Testimony on "NNSA's Fiscal Year 2009 Budget Request for Nuclear Nonproliferation" before the Senate Appropriations Energy and Water Development Subcommitte

Congressional Testimony
Apr 30, 2008

Testimony on "NNSA's Fiscal Year 2009 Budget Request for Nuclear Nonproliferation" before the Senate Appropriations Energy and Water Development SubcommitteTestimony on "NNSA's Fiscal Year 2009 Budget Request for Nuclear Nonproliferation" before the Senate Appropriations Energy and Water Development Subcommittee
Deputy Administrator William Tobey~April 30, 2008

Testimony on "NNSA's Fiscal Year 2009 Budget Request for Nuclear Nonproliferation" before the Senate Appropriations Energy and Water Development SubcommitteeDeputy Administrator William Tobey

Thank you for the opportunity to discuss the President’s FY 2009 Budget Request for the National Nuclear Security Administration (NNSA).  I want to thank all of the Members for their strong support for our vital national security missions.

In the eighth year of this Administration, with the support of Congress, NNSA has achieved a level of stability that is required for accomplishing our long-term missions.  Our fundamental national security responsibilities for the United States include:

  • assuring the safety, security and reliability of the U.S. nuclear weapons stockpile while at the same time considering options for transforming the stockpile and the complex infrastructure that supports it;
  • reducing the threat posed by proliferation of nuclear weapons, material and expertise; and
  • providing reliable and safe nuclear reactor propulsion systems for the U.S. Navy.

NNSA is examining how to proceed into the future to address evolving national security needs in a manner that anticipates significant changes in how we manage our national security programs, our assets and our people.  To that end, the FY 2009 Budget Request for $9.1 billion, a decrease of $35 million from the FY 2008 Consolidated Appropriations Act, supports NNSA’s crucial national security mission.  My testimony today will focus on NNSA’s Defense Nuclear Nonproliferation budget request for fiscal year 2009.

Defense Nuclear Nonproliferation

The possibility that rogue states or terrorists might acquire nuclear and other weapons of mass destruction (WMD) and their related technologies, equipment and expertise, poses one of the most serious threats to the United States and international security.  The continued pursuit of nuclear weapons by terrorists and states of concern underscores the urgency of NNSA’s efforts to secure vulnerable nuclear weapons and weapons-usable nuclear material, to detect and interdict nuclear and radiological materials and WMD-related equipment, to halt the production of fissile material for weapons, to dispose of surplus weapons-usable material, and to contain the proliferation of WMD technical expertise.  The FY 2009 Budget Request will enable NNSA to continue these critical activities that support threat reduction initiatives vital to U.S. national security.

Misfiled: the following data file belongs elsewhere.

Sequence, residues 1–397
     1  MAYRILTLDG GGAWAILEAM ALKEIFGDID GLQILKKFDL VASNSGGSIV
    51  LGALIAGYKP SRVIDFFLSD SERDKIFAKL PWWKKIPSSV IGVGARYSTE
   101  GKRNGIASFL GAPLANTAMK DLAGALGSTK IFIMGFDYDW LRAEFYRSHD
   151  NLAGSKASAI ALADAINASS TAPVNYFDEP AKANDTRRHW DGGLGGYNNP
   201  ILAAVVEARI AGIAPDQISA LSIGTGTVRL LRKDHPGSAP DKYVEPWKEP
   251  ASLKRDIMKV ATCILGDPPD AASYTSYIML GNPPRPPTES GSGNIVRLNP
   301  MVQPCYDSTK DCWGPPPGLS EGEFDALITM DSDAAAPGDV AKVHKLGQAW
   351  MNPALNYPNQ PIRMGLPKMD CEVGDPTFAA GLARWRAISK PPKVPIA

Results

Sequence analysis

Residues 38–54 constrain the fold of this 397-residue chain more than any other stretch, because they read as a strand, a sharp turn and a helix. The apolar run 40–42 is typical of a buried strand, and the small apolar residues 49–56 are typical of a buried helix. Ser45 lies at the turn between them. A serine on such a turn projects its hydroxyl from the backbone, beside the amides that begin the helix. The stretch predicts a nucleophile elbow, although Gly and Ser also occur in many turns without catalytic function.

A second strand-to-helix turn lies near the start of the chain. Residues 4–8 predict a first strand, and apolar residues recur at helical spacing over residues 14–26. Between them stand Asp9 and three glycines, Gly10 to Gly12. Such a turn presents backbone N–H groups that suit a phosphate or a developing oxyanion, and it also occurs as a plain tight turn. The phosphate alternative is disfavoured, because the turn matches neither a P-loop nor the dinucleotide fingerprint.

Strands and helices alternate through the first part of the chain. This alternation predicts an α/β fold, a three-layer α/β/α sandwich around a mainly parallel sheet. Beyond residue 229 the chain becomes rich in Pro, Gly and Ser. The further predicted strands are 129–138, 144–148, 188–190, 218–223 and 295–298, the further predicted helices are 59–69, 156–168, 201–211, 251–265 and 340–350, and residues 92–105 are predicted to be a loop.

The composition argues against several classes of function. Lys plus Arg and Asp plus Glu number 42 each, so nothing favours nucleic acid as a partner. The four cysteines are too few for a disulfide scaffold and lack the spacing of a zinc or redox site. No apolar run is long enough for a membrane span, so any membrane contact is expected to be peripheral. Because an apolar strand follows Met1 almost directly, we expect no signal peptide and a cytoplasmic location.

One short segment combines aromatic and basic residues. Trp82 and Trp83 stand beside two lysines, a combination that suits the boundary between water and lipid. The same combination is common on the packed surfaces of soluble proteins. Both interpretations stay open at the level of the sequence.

Preventing access to nuclear weapons and fissile material has many dimensions.  Our highest priority is to keep these dangerous materials out of the hands of the world’s most dangerous actors.  Absent access to a sufficient quantity of essential fissile materials, there can be no nuclear weapon.  The most direct way to prevent acquisition of nuclear weapons is by denying access to fissile material.  Historically, much of our materials security emphasis focused on Russia because that is where most of the poorly secured material was located.  We have made remarkable progress cooperating with Russia to strengthen protection, control, and accounting of its nuclear weapons and materials.  We recently completed security upgrades at 25 Russian Strategic Rocket Force sites and will meet our commitment to conclude agreed-to security upgrade activities at Russian nuclear sites by the end of this year, as provided for under the Bratislava Joint Statement signed by Presidents Bush and Putin.  Although these direct upgrade efforts are largely drawing to a close after over a decade of work, we will continue security upgrade work at some sites added to our work scope after the Bratislava summit, and will continue to work cooperatively with Russia to ensure the long-term sustainability of the systems and procedures already implemented.  We recently reached agreement with Russia on a sustainability plan that identifies the requirements for long-term Russian maintenance and infrastructure of security upgrades under our cooperative program.